CONSUMER OPTOELECTRONICS: Laser and LED-based TVs are within reach
At the 2006 Consumer Electronics Show (Jan. 5-8; Las Vegas, NV), light-emitting-diode (LED)-illuminated MDTVs (microdisplay-based rear-projection TVs) made a big splash with five demonstration systems in public view.
At the 2006 Consumer Electronics Show (Jan. 5-8; Las Vegas, NV), light-emitting-diode (LED)-illuminated MDTVs (microdisplay-based rear-projection TVs) made a big splash with five demonstration systems in public view. The first crop will reach market by mid-2006, with laser-based MDTVs following about two years later.
While MDTVs are typically powered by a high-intensity arc lamp called an ultrahigh-performance (UHP) lamp, developers want to replace these lamps with solid-state sources like LEDs and lasers.
Microdisplay TVs have been a hit at retail, where they are rapidly replacing CRT-based rear-projection TVs. But they face big pressure from plasma-display TVs and now LCD TVs in the greater-than-40-in. size category. While MDTVs still have some price advantages, this is eroding so developers need new innovations to avoid losing market share. Enter LED and laser sources.
FIGURE. A DLP-based laser-projection TV has a large color gamut. Laser speckle in these TVs will be reduced by adding more lasers to the emitter arrays.
The benefits of LED or laser illumination are substantial and real. By replacing the UHP lamp, the lifetime of the light source can be extended from perhaps 6000 to at least 20,000 hours. Laser or LED illumination can typically achieve more than 120% of the NTSC (National Television System Committee) color gamut, creating much more saturated colors, especially in the red. Plus, LEDs and lasers offer instant-on operation, have no mercury (like UHP lamps), consume less power, and run considerably cooler than UHP lamps. In addition, black levels (and contrast) should improve as the LEDs or lasers can be turned off or way down for darker gray levels-something that an iris must do with UHP-based systems.
Lasers also offer new ways to create projection systems. For example, 0-D systems can be created that rely on 2‑D scanning to create an image with a point of light. 1-D systems use a line-scanning systems and 1-D modulator, whereas 2-D systems use a conventional microdisplay and area illumination. All have tradeoffs that need to be evaluated.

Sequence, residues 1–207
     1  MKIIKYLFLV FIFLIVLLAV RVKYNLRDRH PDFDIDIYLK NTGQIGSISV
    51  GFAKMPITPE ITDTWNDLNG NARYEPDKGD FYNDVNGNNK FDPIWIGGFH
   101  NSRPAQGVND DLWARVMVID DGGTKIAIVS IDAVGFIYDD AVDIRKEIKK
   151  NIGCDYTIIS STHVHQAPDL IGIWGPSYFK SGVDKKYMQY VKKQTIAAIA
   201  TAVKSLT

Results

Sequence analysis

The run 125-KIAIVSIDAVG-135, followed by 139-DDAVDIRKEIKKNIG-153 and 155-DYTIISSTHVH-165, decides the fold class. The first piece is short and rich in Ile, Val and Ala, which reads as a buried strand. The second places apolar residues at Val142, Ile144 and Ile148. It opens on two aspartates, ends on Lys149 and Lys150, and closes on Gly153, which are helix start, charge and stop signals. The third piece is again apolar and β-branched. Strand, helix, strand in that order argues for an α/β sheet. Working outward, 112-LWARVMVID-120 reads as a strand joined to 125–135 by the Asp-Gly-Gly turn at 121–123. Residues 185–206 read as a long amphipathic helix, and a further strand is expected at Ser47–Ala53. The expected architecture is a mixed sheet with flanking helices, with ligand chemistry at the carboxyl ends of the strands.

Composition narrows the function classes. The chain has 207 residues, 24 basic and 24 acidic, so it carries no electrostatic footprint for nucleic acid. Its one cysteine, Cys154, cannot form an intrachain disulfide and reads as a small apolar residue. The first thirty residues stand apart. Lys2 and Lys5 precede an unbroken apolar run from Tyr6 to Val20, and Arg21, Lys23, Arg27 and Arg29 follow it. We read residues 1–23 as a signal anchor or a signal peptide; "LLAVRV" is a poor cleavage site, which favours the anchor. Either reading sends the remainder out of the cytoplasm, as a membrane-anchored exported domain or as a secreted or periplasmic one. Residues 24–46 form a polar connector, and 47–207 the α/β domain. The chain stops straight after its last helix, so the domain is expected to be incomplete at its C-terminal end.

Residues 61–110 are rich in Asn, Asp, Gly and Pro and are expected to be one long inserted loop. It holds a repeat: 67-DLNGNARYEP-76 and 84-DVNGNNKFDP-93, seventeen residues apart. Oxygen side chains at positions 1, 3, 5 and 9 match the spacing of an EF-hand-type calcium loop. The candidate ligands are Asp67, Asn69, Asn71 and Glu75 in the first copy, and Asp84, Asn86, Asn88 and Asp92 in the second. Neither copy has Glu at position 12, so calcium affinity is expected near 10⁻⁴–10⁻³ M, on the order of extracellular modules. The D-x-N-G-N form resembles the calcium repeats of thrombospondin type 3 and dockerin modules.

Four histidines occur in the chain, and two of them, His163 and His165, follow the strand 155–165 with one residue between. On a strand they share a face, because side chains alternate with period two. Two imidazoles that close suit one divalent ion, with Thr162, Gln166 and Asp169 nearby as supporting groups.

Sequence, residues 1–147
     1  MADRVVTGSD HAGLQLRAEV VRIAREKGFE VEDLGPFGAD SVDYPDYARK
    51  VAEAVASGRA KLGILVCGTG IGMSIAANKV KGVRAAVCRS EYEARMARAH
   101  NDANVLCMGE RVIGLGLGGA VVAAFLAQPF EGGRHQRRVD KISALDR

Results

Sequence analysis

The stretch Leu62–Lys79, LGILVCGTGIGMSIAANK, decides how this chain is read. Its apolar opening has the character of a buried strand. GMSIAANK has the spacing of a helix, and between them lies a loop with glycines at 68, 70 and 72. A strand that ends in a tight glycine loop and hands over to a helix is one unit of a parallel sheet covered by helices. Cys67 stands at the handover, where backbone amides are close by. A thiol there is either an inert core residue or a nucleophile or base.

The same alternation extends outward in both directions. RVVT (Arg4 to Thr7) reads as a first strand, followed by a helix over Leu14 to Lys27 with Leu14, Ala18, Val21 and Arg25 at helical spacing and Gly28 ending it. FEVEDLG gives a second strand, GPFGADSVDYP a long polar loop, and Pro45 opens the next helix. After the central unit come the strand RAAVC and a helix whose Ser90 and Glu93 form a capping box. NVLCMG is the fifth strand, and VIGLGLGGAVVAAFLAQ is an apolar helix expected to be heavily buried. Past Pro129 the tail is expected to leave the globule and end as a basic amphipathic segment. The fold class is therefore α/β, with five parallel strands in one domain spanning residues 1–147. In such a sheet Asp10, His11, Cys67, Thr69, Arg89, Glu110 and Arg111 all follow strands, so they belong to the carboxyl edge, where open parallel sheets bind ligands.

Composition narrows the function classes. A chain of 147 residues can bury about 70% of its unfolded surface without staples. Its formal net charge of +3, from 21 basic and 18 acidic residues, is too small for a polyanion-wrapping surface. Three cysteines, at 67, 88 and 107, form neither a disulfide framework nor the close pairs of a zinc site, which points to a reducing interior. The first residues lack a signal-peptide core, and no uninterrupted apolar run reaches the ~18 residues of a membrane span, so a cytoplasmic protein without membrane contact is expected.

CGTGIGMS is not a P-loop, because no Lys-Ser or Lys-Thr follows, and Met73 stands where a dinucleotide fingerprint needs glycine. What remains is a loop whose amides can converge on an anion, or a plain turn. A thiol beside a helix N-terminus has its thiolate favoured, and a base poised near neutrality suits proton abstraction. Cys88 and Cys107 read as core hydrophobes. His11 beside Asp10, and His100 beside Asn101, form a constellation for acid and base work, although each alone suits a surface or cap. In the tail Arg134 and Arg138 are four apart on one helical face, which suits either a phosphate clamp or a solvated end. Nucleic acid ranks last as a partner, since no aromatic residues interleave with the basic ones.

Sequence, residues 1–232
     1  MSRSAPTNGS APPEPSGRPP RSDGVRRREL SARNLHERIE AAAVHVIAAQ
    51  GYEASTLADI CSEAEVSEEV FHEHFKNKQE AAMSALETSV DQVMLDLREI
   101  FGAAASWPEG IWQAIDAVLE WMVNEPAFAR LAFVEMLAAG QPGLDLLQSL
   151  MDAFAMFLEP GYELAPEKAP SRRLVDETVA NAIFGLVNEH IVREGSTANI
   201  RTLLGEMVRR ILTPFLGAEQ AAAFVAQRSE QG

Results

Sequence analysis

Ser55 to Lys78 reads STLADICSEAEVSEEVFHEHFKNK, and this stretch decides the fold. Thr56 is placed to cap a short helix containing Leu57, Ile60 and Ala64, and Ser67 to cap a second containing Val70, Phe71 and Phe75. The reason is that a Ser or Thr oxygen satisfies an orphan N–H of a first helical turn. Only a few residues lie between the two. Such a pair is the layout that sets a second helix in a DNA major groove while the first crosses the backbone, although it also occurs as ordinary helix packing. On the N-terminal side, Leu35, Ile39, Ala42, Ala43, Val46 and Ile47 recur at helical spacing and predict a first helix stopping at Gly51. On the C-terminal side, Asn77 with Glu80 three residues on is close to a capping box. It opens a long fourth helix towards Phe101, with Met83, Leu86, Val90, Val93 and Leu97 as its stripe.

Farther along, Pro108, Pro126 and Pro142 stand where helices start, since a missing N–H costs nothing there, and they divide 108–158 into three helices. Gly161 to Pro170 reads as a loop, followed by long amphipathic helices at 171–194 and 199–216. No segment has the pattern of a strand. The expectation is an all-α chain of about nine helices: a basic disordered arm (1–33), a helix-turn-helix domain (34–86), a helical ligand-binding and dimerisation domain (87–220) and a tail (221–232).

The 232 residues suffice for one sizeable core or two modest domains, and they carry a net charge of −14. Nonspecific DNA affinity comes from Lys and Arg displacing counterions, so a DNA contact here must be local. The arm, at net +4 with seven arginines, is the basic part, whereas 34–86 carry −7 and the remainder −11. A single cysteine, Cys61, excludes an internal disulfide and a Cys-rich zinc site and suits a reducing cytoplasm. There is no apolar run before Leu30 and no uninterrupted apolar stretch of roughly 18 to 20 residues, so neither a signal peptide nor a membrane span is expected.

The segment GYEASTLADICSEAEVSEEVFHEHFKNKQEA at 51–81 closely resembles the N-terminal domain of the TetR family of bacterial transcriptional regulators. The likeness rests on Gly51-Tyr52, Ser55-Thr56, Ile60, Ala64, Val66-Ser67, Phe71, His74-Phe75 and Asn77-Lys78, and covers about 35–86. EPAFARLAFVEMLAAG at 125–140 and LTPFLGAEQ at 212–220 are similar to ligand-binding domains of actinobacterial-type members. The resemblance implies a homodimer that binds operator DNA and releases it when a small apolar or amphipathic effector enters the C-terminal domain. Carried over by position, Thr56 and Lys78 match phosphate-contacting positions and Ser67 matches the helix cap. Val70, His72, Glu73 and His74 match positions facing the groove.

The downside of using LEDs is that high-density, high-brightness devices are needed that can cost more than a UHP lamp. They are extended sources of light that need to be coupled into a projection system in an efficient manner. Plus, the sets will need to be sold with a premium in pricing and a “total cost of ownership” message over the cost of buying a replacement lamp, which could slow adoption.
Major concerns for laser illumination include speckle, cost, and safety. Reducing speckle is required for good image quality, and understanding the safety concerns and approvals needed for laser displays will be challenging. But cost remains the most significant hurdle. Red, green, and blue laser light for displays can be produced today in the desired power levels, but the cost is prohibitive. Developing technology that can meet the power and cost requirements to replace a UHP lamp has been elusive.
Breakthroughs were on display at CES in LED and laser sources. Leading the charge for LEDs is Luminus Devices (Woburn, MA). The company has developed a new type of LED emitter it calls a PhlatLight that adds a photonic-lattice network above a surface-emitting LED wafer. The net effect is high brightness per unit area-an achievement that has now made the commercialization of LED MDTVs a possibility in 2006. The LEDs are offered in red, green, and blue colors.